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Fishing is known as one of the best leisure activities for those who value time in nature. Holding a rod by the water and waiting for a catch is a wonderful way to spend a beautiful Australian summer afternoon, and it’s more or less quality time spent by yourself or with friends and family until you finally have to fight off a fish. If you’ve felt a lot of frustration while out by a fishing spot without a catch in sight, though, you aren’t alone.
There’s a reason fishing is a sport, and failing to reel in a catch is often poor technique more than anything else. There are different stages before you finally come and hook in a catch. Here’s what you need to know about these stages:
Most people expect fishing to happen instantly, like in the movies. However, that couldn’t be farther from the truth. A lot of it is mostly the preparation stages and exercise your patience. Finding the right fishing gear, tools and accessories are the first on the list. With so many innovations these days, there’s a lot to explore.
Research is also one that you can do beforehand. If you can hit up any locals who can point you to fishing hot spots or look up some on the internet, go for it. That way, you can settle on a location that will give you better chances of reeling in a catch.
Think about how to pass the time while you’re waiting for a hook. Some people play soft music while others daydream or read a book. Any loud music and sudden movements, however, will dissuade fish from approaching. You won’t have much luck catching a fish if you’re scaring them away!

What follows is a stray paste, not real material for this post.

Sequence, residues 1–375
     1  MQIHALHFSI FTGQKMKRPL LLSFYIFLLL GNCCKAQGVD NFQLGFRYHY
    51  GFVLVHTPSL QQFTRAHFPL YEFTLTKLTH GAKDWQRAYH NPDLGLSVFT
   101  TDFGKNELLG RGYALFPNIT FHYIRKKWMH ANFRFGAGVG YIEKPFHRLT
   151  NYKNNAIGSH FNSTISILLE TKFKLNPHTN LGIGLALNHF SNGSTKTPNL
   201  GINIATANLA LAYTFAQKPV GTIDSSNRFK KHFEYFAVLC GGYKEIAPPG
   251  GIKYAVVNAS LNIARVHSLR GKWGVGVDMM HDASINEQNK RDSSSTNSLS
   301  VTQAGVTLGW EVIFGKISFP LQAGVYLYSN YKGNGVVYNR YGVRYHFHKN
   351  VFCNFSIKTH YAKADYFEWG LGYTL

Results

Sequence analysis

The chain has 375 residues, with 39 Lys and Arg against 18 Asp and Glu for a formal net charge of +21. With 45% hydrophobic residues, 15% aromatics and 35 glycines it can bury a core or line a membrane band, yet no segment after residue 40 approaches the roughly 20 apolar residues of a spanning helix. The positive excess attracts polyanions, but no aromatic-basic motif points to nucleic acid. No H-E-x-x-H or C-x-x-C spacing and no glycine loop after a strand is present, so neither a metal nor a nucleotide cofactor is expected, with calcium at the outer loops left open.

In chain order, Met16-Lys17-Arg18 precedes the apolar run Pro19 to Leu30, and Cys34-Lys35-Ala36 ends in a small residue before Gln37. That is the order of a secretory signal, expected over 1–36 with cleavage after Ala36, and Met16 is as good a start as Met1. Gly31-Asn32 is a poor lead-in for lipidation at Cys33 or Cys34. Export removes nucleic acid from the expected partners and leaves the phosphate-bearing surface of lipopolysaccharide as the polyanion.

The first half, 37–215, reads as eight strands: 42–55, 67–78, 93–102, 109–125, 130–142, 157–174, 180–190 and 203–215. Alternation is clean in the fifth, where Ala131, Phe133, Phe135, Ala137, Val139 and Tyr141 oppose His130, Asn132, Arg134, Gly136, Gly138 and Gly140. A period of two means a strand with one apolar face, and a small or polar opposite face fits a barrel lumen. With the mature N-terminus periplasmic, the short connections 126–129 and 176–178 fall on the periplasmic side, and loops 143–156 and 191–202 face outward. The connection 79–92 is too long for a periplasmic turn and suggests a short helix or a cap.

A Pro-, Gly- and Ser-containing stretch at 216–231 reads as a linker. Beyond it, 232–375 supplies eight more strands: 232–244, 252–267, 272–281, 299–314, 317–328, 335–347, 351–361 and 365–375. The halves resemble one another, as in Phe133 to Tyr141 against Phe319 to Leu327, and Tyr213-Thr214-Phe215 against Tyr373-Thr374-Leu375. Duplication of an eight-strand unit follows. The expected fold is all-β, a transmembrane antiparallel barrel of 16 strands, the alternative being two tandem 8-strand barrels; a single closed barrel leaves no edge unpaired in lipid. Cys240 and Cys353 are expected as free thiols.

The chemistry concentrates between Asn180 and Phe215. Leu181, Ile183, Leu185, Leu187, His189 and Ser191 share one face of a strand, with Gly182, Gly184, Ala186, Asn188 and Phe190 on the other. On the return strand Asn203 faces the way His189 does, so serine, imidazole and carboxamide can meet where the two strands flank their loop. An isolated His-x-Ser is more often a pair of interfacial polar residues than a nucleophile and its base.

This trial and error stage is probably one of the longest ones in the process, but it’s also necessary to learn how to fish correctly. This portion lets you practice multiple techniques, from the way that you hold your rod and pump it to how exactly you’re trying your hook and putting your lure.
You may feel the fish might already be going by and taking some of your lines. It can be annoying to feel as if you’re unable to catch them just yet, but it’s a good sign that they’re around and getting tired with each try.
Experts recommend pulling the rod up when you start to feel that tug from the fish, reeling at the same time. The pumping motion that you make in pulling your rod should be able to get the fish to stop escaping and to finally allow itself to get reeled in. If it escapes just by your boat, consider using a net to catch them.
Many may feel that they’ve really secured the fish once they’re finally on the hook and vessel or shore. However, there’s a slim chance that they can still escape or deter your experience. The last stage is taking the fish off the hook and putting them in a container or putting them back. It’s best to grip the fish by the lips when pulling them off, but there are gadgets that can help.
There could be a few detours along the way, but this is how the optimal fishing experience should go. Don’t feel worried if it takes you a while to hook and reel one in. As implied before, patience is a must.
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